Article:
by Kate Heyhoe
Not everyone agrees that actually eating caviar is sheer heaven - some loathe the crunchy explosion of salty, squishy fish eggs in their mouth. Not me—I think caviar is just grand! But I have to admit, the best stuff ain't always in my budget.
Even if real caviar isn't in your New Year's or post-Christmas plans, play upon the image it evokes by hosting a "Faux Caviar Party" (faux meaning fake in French). Cultures from around the world have created dishes that don't include real caviar but nonetheless borrow the name for their titles, as if to say "this stuff is just as elegant and classy as the real thing." These fake caviars (made using ingredients like eggplant, beans or olives) barely resemble the taste of true caviar, but they can be just as festive and tantalizing.
For a holiday celebration bursting with flavors that don't break your budget, serve this trio of faux caviars:Exquisite Eggplant Caviar, a mild, lemony spread, laden with crunchy pine nuts
Lone Star Caviar, a New Year's tradition made with spiced up black-eyed peas, courtesy of Dallas Morning News' Dottie Griffith from her tasty new book, The Texas Holiday Cookbook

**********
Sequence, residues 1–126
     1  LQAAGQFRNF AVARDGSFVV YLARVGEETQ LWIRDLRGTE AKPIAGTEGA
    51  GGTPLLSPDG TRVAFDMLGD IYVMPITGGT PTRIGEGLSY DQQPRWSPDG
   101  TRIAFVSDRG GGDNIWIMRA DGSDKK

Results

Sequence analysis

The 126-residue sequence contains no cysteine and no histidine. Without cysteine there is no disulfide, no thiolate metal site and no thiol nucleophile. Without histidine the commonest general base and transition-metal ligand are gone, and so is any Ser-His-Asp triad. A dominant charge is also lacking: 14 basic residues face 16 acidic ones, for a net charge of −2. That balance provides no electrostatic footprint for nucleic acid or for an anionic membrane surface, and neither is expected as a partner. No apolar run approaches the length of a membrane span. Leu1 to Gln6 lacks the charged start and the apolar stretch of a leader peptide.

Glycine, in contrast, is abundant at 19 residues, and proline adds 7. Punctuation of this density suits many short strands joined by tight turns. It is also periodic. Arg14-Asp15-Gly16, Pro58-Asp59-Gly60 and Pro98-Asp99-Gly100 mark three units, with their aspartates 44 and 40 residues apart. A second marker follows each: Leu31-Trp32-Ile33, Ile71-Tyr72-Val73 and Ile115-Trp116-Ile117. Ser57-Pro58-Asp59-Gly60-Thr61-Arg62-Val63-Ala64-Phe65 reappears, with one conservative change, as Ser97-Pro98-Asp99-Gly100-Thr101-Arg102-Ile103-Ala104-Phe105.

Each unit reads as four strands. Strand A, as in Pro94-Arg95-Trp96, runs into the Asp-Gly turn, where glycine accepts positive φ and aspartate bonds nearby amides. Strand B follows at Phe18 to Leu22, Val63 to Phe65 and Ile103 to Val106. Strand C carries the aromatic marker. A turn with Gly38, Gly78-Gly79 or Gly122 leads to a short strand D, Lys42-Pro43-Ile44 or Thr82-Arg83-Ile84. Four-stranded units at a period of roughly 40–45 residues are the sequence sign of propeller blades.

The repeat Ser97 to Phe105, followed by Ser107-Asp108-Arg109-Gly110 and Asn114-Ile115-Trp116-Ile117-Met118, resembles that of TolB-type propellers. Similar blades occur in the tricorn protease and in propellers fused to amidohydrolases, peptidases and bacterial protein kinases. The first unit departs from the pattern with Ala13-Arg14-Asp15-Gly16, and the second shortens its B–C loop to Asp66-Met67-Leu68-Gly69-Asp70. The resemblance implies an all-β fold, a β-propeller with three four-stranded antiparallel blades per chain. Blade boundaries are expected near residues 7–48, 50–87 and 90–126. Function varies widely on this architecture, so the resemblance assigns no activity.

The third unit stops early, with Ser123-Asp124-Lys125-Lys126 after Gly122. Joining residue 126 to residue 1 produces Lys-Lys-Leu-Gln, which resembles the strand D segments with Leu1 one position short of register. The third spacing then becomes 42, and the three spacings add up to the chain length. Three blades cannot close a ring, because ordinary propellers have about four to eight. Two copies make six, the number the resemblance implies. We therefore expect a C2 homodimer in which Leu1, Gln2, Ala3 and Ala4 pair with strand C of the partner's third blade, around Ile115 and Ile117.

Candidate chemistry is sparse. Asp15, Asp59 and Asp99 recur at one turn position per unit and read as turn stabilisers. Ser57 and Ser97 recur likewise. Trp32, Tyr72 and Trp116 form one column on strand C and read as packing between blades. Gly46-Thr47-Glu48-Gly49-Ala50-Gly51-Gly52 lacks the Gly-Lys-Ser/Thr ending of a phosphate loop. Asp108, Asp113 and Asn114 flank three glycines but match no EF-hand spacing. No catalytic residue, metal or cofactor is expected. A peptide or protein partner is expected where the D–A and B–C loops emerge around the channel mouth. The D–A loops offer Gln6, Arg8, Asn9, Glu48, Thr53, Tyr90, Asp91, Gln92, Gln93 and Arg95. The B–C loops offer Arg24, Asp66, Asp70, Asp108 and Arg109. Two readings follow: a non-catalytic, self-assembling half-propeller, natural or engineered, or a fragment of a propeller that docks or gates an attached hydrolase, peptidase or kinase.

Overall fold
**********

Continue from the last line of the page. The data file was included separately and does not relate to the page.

Mediterranean Black Olive Caviar, finely chopped black olives mixed with garlic, anchovies, basil, orange and savory spices.Serve all of these with toast points, crackers, or small breads. To take the mimicry even further, set out small bowls of finely minced parsley, hard-cooked egg whites and egg yolks (served separately), minced onion and lemon wedges—traditional accompaniments to true caviar (although dedicated caviar maniacs eat the best stuff au natural, on toast points, with nothing else to mask the delicate flavors).
Weekend Salmon Gravlax
...and Last Minute Gift Suggestions
Copyright © 1998, Kate Heyhoe. All rights reserved.
This page created 1998 and modified November 2006.
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